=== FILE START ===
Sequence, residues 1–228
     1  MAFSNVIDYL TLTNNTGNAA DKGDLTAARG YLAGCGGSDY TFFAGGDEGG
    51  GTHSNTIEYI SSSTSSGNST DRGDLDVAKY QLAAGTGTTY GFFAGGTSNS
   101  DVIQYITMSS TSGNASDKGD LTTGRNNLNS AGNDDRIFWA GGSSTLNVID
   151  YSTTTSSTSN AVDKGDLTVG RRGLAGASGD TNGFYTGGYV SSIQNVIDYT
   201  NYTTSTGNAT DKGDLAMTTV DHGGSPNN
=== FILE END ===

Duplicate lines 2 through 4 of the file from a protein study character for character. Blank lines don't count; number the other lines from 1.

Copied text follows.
     1  MAFSNVIDYL TLTNNTGNAA DKGDLTAARG YLAGCGGSDY TFFAGGDEGG
    51  GTHSNTIEYI SSSTSSGNST DRGDLDVAKY QLAAGTGTTY GFFAGGTSNS
   101  DVIQYITMSS TSGNASDKGD LTTGRNNLNS AGNDDRIFWA GGSSTLNVID